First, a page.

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Date: February 21, 2009 07:20AM
A long-forgotten hook and an astonishing slice of luck have combined to create
a unique trophy for members of one of Norfolk's top golf clubs.
The story begins years ago when an anonymous golfer stood on the first tee and
hooked his ball into a high hedge of conifers, planted between the hole and the
ninth green. The ball was lost without trace - until now, when the winter
programme at Eaton included cutting down the trees.
As greenkeeper Richard Mitchell sawed the felled trees into lengths he realised
he was looking at a cross-section of trunk - with a golf ball embedded in it.
“It's an incredible find,” said the Norwich club manager's Peter Johns.
“It was pure luck that it was discovered. If Richard had cut the trunk an inch
or two either way we'd never have known the ball was there.
“We think the ball came off the first tee, went into the trees and was lost.
It must have lodged in a fork or embedded itself in the trunk and the tree just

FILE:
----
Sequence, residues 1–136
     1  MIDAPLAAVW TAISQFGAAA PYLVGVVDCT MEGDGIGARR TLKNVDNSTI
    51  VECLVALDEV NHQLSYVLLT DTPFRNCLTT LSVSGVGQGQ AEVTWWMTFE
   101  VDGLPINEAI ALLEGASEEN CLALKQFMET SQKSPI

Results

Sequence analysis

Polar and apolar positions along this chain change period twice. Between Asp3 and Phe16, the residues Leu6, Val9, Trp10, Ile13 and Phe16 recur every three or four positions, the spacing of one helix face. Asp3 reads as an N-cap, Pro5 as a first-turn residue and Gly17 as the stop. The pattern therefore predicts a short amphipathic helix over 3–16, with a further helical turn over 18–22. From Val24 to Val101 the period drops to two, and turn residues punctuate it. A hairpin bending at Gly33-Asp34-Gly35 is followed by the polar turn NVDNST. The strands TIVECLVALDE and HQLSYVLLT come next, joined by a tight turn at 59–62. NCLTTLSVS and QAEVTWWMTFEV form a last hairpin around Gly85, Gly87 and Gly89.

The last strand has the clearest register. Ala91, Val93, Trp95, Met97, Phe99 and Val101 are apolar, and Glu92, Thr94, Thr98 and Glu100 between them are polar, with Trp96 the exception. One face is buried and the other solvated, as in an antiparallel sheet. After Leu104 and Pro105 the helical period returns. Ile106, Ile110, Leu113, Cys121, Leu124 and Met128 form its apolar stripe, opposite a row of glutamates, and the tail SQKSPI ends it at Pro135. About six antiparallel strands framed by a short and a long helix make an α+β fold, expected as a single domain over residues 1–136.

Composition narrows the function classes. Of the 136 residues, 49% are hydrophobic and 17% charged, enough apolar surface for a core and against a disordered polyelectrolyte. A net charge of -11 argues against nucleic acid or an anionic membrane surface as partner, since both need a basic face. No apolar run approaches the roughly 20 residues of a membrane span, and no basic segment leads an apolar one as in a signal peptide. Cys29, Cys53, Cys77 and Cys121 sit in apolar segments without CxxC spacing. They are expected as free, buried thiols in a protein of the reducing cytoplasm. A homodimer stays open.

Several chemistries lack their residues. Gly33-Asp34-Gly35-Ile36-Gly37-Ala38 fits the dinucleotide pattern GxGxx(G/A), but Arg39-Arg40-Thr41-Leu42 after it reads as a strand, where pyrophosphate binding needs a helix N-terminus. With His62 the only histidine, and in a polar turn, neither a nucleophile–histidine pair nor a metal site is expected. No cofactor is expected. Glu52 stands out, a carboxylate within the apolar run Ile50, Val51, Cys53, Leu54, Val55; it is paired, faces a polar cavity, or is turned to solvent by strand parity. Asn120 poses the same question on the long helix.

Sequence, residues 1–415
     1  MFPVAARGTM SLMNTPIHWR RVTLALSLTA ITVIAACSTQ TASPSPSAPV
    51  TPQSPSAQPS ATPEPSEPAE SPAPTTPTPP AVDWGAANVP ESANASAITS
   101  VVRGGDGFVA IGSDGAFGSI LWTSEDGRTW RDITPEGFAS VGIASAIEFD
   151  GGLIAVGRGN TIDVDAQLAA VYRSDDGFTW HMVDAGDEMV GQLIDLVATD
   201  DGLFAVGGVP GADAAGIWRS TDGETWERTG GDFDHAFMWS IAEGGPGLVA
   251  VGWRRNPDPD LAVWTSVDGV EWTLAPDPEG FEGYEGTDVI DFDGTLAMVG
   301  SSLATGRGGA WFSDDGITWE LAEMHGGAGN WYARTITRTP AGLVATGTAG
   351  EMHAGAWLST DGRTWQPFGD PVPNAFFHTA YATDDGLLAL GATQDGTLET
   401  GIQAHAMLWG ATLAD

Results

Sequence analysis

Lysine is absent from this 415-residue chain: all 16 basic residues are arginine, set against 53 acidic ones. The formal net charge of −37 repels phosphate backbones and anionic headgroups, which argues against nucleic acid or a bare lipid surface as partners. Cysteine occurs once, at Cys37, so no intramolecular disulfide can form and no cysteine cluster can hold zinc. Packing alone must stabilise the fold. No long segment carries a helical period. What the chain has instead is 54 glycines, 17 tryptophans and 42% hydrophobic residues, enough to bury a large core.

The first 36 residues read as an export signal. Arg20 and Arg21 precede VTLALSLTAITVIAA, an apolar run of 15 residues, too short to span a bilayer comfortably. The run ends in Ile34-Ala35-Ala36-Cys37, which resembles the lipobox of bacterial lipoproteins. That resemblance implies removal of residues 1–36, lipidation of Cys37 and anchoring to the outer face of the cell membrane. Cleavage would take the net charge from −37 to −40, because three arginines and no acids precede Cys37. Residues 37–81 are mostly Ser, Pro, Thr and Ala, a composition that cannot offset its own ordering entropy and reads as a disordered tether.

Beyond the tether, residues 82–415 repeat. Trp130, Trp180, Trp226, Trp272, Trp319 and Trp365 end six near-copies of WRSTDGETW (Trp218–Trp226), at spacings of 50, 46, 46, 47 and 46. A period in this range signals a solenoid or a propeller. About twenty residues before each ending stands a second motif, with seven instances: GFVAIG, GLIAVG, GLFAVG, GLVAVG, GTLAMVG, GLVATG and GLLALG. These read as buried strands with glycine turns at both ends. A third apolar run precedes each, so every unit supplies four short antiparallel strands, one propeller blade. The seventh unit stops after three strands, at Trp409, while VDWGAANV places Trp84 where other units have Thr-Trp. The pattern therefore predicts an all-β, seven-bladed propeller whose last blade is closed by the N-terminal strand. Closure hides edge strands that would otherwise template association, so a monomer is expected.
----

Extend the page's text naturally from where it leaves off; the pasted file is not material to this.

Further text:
grew round it.”
The cross-section - inevitably known as a tree wood - was entrusted for
preservation to Jim Cook, a past captain and skilled woodworker. It's thought it
will become a trophy and one idea is to use it as an honour board to record all
holes-in-one at the short ninth hole.
The trees were felled during the winter maintenance programme after they were
found to be dying and also draining moisture from the ninth green.
Eaton golf club member Jim Cook with the slice of tree with the golf ball
embedded in it
Their removal is the first phase of a programme to reshape the area behind the
green by extending a bunker, new tree planting and the creation of some mounds.
Woodland management has also been carried out elsewhere on the course,
continuing the work that helped Eaton win an English Golf Environment Award in
“We are keen to expose the really mature oaks which we have on the course,”
said Johns. “We have some magnificent oaks which have been 'lost' in the
middle of wooded areas. By thinning out we have been able to make a feature of
Notable clearing has been carried out on the right of the third hole while the
removal of two pines has created an avenue of oaks leading to the elevated sixth